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September 19th, 2012
Written by Bon Appétit Team on September 19, 2012in Community, Events, Featured, Local food, seafood - 0 Comments
Many Americans now know the names of the farms that grow their food, but even as we’re urged to eat more seafood for its health benefits, few of us can identify local species or the fishing operations that supply them. These overlooked fish are important to our regional food traditions, and deserve to share the culinary limelight with heirloom vegetables, farmstead cheeses, and pastured meats.
The time is ripe for local fish. On September 25, Bon Appétit Management Company will host its first-ever Eat Local (Fish) Challenge, to be held simultaneously in all 32 states in which we operate. The event is a new twist on our Eat Local Challenge, which began in 2005 as a way to highlight locally harvested, seasonal flavors.
“Local” doesn’t always equal sustainable, however, whether you’re talking about peaches or perch. That’s where Monterey Bay Aquarium’s Seafood Watch comes in. Conscientious consumers have long depended on the science-based red (Avoid), yellow (Good Alternative), and green (Best Choice) ratings of Seafood Watch’s wallet cards and smartphone apps. Some local fisheries are too small to have been among the thousands rated by Seafood Watch. The nonprofit is launching an innovative new program that will train scientists in its methodology so that third parties — such as Bon Appétit — can apply to have a species (and its catch methods) assessed and rated.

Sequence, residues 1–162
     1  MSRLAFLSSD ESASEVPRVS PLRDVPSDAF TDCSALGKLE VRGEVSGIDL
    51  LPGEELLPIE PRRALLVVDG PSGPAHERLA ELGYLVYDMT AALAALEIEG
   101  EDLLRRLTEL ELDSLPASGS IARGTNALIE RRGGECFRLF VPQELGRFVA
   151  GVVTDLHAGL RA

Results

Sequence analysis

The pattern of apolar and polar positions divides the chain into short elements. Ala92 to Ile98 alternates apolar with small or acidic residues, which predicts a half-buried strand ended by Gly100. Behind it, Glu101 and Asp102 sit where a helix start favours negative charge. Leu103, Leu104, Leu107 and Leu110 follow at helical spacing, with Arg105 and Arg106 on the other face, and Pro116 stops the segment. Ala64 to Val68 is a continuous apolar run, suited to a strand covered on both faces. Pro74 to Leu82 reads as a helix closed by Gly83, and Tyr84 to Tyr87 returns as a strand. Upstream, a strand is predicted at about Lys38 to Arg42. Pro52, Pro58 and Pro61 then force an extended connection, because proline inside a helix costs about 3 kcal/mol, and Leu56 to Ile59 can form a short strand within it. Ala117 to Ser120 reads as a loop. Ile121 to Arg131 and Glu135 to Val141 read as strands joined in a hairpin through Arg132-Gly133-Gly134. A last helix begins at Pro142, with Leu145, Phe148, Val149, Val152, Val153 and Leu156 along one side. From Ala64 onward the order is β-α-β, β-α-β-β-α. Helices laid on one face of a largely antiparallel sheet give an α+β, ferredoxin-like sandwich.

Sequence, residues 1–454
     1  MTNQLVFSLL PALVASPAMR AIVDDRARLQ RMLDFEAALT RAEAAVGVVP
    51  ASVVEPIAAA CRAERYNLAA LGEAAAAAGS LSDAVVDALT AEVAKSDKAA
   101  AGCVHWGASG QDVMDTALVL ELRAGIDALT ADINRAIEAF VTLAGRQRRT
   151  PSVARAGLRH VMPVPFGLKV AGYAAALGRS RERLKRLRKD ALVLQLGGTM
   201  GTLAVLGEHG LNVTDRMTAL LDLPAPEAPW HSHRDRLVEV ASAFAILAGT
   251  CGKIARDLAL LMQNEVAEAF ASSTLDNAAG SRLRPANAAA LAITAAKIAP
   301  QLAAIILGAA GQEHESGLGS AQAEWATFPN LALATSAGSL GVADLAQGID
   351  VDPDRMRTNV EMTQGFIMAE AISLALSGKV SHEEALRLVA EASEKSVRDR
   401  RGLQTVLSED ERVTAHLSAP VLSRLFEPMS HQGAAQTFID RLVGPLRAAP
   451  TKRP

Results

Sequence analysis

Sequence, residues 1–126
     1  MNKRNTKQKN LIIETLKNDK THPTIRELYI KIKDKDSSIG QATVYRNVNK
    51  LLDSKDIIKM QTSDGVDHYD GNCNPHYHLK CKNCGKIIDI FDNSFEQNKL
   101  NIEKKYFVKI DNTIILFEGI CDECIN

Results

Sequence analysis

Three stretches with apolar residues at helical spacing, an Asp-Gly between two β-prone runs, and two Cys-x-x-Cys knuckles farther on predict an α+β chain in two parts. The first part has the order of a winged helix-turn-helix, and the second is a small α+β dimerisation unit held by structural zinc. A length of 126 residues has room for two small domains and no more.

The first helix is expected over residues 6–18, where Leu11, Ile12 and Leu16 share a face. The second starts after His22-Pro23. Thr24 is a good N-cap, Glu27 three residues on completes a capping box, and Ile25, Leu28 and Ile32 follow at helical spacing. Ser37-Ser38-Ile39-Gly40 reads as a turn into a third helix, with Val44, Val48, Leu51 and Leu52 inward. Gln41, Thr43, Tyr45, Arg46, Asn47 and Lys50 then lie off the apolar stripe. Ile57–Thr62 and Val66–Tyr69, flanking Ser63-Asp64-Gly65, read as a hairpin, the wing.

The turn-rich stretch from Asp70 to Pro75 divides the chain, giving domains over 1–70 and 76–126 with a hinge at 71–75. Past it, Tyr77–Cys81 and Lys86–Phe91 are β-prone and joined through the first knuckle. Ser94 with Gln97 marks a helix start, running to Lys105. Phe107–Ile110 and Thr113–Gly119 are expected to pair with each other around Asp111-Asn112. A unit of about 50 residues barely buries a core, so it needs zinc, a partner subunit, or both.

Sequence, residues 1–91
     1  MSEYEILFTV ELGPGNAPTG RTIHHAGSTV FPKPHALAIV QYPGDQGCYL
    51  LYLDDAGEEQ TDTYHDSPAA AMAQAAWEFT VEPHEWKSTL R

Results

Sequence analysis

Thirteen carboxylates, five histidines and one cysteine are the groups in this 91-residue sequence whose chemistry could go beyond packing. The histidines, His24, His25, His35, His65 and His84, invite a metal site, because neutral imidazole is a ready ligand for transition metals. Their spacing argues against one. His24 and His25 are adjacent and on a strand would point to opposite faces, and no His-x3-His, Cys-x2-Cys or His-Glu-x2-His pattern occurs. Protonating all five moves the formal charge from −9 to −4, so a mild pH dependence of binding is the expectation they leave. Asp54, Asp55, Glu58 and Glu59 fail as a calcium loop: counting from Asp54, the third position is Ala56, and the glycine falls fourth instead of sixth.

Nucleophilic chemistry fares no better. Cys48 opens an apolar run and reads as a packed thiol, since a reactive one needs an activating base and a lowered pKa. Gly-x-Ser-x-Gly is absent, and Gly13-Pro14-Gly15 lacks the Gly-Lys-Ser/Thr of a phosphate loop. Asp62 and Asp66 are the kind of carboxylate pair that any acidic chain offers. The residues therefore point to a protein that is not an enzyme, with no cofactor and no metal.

Please join @bamco and @seafoodwatch for a Twitter chat about #localfish on Monday, September 24, at 12pm Pacific.